Instructables

Your Own ISP?

I live in Yuma, Colorado and the internet here is unbelievably slow.  Now just to entertain my mind a little bit, lets say I wan't to start a ISP buisness.  The towns pop. is about 3000, some of which can't afford internet, quite a few who don't wan't or need it, and then the rest are already tied up in one of the two ISPs in town.  Now I wan't to be a WISP with speeds of around 20 - 100 mbs.  Now how long, big, and expensive of a fiber optic cable would I have to run to be able to provide these speeds, where would I run it to, what kind of switches would I need, what antennas, radios, amps, towers, ect.  

This isn't a super serious question, but I would like to know this stuff, just because, and I like large community pools so you don't have to be an expert on everything, but if you know everything about fiber optics, or wireless communication fill us in.  

This information pool could help someone greatly so please share.  You never know when a millionaire will decide to move to the middle of nowhere and wan't fast internet, so please contribute. 

thegeeke2 years ago
You will not be able to do it. AT&T has a monopoly going... They pretty much own the internet, and you have to buy from them. Think of it this way: of it were possible/practical, don't you think that the ISPs would be doing it already? The idea of communicating with your customers wirelessly will not be practical unless you use satellite. A server is just a super fast computer with a server OS on it... But you don't really need one for providing Internet per-say.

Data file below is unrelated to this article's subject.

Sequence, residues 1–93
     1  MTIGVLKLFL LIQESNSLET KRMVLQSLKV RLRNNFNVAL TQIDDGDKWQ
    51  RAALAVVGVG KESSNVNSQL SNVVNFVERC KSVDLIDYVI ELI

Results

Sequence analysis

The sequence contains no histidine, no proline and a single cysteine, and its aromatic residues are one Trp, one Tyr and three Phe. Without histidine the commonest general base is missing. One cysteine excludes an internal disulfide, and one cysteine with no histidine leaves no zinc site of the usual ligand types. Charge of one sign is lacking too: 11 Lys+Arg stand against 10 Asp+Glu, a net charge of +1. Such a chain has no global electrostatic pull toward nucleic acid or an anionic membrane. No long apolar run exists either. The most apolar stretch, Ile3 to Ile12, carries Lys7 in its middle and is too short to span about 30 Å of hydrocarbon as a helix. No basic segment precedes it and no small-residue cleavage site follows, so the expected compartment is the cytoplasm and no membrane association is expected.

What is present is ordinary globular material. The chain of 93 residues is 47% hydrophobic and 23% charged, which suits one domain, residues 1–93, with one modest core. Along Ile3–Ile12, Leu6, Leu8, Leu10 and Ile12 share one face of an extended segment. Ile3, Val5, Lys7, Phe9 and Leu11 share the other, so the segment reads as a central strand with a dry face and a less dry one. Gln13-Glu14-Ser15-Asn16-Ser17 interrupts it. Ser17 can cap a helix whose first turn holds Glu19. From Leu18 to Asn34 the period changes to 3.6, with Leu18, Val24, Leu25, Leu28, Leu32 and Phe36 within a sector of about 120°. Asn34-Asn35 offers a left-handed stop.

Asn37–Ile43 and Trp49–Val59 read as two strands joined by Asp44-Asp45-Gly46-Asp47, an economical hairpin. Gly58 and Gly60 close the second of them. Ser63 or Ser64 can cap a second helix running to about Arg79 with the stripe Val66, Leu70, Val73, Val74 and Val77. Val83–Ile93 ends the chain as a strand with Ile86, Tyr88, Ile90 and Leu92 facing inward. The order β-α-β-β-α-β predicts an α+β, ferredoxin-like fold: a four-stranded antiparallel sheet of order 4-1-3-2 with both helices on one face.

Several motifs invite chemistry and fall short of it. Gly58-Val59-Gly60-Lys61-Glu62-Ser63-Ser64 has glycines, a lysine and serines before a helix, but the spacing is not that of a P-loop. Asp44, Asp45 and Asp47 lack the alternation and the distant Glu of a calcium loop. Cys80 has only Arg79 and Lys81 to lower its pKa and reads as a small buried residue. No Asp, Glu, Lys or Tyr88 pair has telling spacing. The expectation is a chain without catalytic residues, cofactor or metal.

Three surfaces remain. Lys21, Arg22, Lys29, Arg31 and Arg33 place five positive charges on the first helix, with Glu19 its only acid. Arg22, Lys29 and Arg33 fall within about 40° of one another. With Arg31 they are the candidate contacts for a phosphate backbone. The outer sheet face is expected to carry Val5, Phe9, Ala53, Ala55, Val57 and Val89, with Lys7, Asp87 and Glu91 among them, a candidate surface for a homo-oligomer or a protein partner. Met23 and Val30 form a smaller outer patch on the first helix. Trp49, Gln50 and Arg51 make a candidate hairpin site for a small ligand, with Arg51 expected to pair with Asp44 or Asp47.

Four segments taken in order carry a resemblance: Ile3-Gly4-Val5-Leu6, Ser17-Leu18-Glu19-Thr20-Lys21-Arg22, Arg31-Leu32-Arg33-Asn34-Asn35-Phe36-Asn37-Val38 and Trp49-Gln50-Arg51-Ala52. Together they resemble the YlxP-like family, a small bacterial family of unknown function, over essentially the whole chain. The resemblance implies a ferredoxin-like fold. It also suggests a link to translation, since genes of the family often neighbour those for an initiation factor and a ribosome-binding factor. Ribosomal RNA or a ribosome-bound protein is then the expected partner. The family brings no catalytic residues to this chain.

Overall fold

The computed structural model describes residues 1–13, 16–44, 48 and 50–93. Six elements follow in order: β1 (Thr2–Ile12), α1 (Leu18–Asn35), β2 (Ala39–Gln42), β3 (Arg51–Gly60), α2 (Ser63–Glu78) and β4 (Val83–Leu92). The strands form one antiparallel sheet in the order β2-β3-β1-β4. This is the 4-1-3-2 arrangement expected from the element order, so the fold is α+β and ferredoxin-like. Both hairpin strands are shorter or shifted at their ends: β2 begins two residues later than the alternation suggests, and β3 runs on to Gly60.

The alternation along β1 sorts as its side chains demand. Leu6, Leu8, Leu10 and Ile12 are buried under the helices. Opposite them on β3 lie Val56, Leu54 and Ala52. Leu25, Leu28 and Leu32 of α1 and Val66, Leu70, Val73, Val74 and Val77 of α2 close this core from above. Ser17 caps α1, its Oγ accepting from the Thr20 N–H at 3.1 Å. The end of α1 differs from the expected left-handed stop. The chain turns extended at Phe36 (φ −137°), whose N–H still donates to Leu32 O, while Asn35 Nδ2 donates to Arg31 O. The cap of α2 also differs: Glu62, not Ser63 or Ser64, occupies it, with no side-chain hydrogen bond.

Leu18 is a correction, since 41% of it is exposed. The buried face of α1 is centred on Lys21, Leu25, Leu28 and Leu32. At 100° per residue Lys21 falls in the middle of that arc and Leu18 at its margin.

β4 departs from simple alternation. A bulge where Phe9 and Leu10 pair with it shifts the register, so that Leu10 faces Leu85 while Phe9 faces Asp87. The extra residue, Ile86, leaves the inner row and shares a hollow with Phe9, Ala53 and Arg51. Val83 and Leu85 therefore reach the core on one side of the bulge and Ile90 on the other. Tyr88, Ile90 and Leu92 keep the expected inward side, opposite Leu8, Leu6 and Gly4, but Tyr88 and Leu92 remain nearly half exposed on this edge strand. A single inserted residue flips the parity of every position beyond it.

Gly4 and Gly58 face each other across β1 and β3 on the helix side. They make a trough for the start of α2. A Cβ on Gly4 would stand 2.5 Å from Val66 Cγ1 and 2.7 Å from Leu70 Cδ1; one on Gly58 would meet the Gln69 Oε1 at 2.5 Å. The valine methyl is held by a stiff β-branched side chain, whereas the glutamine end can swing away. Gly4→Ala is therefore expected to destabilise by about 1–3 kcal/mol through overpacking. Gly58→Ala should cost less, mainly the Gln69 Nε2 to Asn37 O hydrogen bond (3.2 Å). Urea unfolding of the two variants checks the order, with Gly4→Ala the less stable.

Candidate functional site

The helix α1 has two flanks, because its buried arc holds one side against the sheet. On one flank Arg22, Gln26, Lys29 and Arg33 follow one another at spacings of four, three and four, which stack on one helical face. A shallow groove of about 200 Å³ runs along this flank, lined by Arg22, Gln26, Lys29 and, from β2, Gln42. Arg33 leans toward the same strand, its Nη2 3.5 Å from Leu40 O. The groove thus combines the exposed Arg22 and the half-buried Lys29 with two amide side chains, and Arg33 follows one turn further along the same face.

BTW: want is spelled want... Not wan't.
jj.inc (author)  thegeeke2 years ago
How does nobody understand this wireless thing, both internet companies out here use a wireless antenna on a tower to give us internet. I have looked and you can get gbs antennas and amps for internet, so that isn't the problem, everything else is. If this was going to happen you would obviously still have to pay someone, you would probably hook in at a IXP (internet exchange point) and pay the monthly fee there, but that is it, although it would be a huge fee and would require a lot of ISP's set up on the way from the original town to my town. Maybe you can't imagine the wireless part because you are in a big city, but it takes about two minutes to get from one side of my town to the other at 35 mph.
thegeeke jj.inc2 years ago